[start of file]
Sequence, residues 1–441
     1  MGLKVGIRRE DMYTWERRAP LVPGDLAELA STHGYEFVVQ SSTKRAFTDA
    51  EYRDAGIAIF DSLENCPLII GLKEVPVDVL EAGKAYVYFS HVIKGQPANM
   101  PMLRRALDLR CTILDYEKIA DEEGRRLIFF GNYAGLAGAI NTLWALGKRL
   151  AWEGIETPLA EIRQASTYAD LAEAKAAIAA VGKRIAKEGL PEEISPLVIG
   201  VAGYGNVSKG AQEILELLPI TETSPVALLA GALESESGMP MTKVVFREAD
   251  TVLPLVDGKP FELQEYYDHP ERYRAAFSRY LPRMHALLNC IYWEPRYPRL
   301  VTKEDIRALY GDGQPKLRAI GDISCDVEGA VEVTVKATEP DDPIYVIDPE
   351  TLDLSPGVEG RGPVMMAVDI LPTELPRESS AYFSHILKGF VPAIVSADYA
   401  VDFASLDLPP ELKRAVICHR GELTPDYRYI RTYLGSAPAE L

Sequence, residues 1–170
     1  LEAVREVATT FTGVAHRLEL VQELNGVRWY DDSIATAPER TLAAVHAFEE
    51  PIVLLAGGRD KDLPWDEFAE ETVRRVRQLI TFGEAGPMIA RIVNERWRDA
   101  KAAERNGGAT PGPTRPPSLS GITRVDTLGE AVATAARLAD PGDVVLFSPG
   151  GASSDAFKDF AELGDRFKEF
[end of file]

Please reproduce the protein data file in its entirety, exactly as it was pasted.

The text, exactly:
Sequence, residues 1–441
     1  MGLKVGIRRE DMYTWERRAP LVPGDLAELA STHGYEFVVQ SSTKRAFTDA
    51  EYRDAGIAIF DSLENCPLII GLKEVPVDVL EAGKAYVYFS HVIKGQPANM
   101  PMLRRALDLR CTILDYEKIA DEEGRRLIFF GNYAGLAGAI NTLWALGKRL
   151  AWEGIETPLA EIRQASTYAD LAEAKAAIAA VGKRIAKEGL PEEISPLVIG
   201  VAGYGNVSKG AQEILELLPI TETSPVALLA GALESESGMP MTKVVFREAD
   251  TVLPLVDGKP FELQEYYDHP ERYRAAFSRY LPRMHALLNC IYWEPRYPRL
   301  VTKEDIRALY GDGQPKLRAI GDISCDVEGA VEVTVKATEP DDPIYVIDPE
   351  TLDLSPGVEG RGPVMMAVDI LPTELPRESS AYFSHILKGF VPAIVSADYA
   401  VDFASLDLPP ELKRAVICHR GELTPDYRYI RTYLGSAPAE L

Sequence, residues 1–170
     1  LEAVREVATT FTGVAHRLEL VQELNGVRWY DDSIATAPER TLAAVHAFEE
    51  PIVLLAGGRD KDLPWDEFAE ETVRRVRQLI TFGEAGPMIA RIVNERWRDA
   101  KAAERNGGAT PGPTRPPSLS GITRVDTLGE AVATAARLAD PGDVVLFSPG
   151  GASSDAFKDF AELGDRFKEF